For all his many confrontations, practiced enemies and capable adversaries, John Wesley Hardin never faced a greater opponent or more serious threat than his own formidable self. While claiming his every violent act was out of the “first law of nature: self preservation,” again and again he made choices more likely to jeopardize than secure his fiery mortal spark. And contemporary historians have even implicated him in his own fall and destruction.
In a vintage 1924 article, John Hunter quotes John Wesley Hardin’s midwife as predicting he would either turn out to be a “great hero” or a “monumental villain.” In truth, he was wholly neither…. and a little of both.
Hardin was a prime example of that special breed of men known collectively as “gunfighters.” Given the proliferation of firearms in the Old West of the 1860s, 70’s and 80’s, just the fact of packing a Colt wasn’t near enough to qualify someone as a true gunslinger. Nor did a single occasion of firing a gun in defense or anger make one an accomplished gunfighter.
We all know that the Western gunfight seldom if ever occurred the ways it’s been commonly portrayed by historically illiterate Hollywood writers and directors: the mannerly encounter at high noon, revolvers holstered until the very last second. Giving one’s opponent the chance for a fair draw. Guns shot out of hands, without a bloody shattering of fingers and palms…. or apologizing to a downed hombre in the Virginian’s dusty drawl. It is nonetheless a fact that there once was, and probably still exists a certain special breed of men whose violent encounters involve face to face action– men who hold that they’re right, who insist on looking their antagonists in the eye, and being the last thing they see on the day of their death.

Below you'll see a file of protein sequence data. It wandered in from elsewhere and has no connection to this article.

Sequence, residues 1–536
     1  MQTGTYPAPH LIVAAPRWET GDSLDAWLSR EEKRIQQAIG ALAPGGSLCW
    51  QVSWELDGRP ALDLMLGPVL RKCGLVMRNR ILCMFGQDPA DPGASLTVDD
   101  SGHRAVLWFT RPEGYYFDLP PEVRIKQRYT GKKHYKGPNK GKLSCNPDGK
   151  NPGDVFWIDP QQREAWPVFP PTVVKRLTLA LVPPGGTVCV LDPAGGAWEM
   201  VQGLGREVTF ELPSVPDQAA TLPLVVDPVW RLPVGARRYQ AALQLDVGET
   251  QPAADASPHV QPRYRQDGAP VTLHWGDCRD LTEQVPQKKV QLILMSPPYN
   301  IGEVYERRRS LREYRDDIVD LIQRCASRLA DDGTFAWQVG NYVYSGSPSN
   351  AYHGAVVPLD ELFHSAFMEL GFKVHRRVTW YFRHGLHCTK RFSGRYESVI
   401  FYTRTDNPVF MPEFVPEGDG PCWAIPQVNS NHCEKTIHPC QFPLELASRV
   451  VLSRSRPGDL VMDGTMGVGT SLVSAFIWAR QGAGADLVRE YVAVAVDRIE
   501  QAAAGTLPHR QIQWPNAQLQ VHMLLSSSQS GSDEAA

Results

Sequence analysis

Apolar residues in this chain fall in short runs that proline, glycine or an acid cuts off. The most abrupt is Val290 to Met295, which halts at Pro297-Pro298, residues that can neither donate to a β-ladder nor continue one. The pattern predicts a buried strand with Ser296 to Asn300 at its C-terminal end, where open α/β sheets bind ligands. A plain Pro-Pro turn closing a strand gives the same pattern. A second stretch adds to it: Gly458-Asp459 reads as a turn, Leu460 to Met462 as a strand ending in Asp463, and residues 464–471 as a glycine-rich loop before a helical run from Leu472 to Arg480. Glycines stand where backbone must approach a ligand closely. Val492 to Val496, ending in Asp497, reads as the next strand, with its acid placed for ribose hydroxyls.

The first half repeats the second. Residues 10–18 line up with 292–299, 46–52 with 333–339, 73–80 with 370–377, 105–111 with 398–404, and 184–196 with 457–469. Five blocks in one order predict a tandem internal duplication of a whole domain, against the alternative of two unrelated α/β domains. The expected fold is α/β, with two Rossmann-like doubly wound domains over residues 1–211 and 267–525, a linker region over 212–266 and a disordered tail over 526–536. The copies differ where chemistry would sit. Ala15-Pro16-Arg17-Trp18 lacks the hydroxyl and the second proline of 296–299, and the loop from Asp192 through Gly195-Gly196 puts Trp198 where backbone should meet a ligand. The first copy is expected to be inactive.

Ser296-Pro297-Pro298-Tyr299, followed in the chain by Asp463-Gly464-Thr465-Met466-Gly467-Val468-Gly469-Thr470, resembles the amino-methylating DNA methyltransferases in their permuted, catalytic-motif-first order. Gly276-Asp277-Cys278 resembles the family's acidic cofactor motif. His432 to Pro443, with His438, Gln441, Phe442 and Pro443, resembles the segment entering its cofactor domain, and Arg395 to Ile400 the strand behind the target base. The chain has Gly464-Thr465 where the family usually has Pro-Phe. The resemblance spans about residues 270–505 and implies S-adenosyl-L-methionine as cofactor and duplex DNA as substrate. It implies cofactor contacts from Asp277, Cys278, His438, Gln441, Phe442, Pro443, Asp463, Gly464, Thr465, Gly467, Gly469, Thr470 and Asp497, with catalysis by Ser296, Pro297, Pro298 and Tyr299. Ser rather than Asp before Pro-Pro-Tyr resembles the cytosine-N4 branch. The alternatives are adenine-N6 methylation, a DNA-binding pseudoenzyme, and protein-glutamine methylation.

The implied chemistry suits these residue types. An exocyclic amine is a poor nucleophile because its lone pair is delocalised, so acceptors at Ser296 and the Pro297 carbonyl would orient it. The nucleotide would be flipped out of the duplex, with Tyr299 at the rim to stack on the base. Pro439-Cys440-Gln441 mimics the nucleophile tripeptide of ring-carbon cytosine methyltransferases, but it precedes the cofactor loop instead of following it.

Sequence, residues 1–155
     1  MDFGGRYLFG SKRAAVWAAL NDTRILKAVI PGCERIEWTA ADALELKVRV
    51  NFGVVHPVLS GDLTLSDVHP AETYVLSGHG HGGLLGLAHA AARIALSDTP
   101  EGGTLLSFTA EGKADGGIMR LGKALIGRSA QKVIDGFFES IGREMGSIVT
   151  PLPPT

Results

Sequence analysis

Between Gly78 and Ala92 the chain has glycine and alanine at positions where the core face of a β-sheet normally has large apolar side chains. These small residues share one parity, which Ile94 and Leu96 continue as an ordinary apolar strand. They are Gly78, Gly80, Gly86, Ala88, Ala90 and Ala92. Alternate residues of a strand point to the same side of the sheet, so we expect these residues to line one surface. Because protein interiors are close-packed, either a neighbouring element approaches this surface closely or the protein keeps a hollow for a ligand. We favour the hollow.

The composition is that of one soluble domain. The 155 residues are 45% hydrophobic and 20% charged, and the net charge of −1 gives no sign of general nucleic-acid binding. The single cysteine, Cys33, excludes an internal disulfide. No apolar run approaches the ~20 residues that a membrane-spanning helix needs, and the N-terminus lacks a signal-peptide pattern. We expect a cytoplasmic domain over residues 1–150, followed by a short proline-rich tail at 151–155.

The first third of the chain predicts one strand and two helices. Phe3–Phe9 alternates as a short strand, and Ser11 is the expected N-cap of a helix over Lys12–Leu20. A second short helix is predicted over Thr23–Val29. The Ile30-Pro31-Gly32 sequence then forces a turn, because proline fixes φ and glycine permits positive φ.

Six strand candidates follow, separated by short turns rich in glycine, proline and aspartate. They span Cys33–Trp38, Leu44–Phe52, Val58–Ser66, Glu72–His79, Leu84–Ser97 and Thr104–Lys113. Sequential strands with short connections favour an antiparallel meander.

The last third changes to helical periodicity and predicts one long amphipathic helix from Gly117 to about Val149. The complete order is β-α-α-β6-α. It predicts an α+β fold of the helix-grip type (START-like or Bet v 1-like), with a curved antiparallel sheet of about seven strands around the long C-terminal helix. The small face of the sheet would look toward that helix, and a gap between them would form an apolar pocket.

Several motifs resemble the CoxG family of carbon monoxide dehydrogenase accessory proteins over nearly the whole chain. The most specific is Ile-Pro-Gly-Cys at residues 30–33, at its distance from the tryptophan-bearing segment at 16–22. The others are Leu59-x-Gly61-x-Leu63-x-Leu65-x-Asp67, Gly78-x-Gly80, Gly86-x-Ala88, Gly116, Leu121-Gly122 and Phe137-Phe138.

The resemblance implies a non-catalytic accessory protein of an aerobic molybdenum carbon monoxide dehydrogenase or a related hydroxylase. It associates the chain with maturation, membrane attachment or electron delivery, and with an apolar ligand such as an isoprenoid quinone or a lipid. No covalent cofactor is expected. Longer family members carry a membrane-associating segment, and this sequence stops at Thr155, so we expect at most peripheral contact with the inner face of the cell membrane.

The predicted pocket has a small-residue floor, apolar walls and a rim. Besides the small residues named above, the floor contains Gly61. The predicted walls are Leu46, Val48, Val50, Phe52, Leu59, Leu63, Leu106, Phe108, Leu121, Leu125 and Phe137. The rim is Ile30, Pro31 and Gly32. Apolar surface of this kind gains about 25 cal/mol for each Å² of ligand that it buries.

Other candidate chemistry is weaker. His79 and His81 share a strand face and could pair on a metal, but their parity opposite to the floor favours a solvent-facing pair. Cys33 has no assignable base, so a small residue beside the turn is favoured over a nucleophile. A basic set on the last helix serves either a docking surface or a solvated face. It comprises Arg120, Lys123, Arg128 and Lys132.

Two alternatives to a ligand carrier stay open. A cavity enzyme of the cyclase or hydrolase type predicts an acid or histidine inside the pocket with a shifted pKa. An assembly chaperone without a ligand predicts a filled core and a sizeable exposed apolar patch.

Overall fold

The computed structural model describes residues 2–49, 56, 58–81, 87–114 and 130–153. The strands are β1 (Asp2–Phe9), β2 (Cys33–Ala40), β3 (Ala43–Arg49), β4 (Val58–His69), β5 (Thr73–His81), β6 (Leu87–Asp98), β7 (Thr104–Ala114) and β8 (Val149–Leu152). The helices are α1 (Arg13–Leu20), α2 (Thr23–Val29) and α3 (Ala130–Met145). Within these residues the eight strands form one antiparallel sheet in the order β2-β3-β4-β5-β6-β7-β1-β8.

A “shootist” was neither a bushwhacker, robber nor assassin per se– but rather, a highly effective and often volatile individual whose violent deeds usually arose spontaneously and out of reaction to a perceived insult or slight. He was more likely to be a loner than either a gang or posse member…. and when reprising the roles of Sheriff or outlaw, white hat or black, he usually filled the part well. Silent, pleasant or petulant– he fairly exuded both character and style. He felt safer and perhaps saner outside the general fraternity and shallow associations of civilized men– and likely trusted his own intuition, discernment, skill, instincts and responses above anyone and everything else. Slow to enter into alliances of purpose or convenience, the shootist adhered to the classic martial dictum that “offense is the best defense.” He seldom backed down– not because he was inhumanly fearless, but rather, because he knew how to use his fear as fuel for assertive and sometimes explosive action. Whether objectively right or wrong, the shootist acted out of a moral certainty…. adhering to his own personal code of honor even when breaking existing laws and cultural taboos.
By this measure, Wyatt Earp was more entrepreneur and vigilante than archetypal shootist. On the other hand Doc Holliday qualifies, even though his willingness to inflict harm could be considered a far greater determining factor than his occasional acts of violence and few resulting victims. The gregarious Billy the Kid had four confirmed kills in fourteen fights, but for all his bravado we know he would have preferred a life of dancing at Mexican “fandangos,” and making love to warm Señoritas instead of fingering cold grey revolvers!
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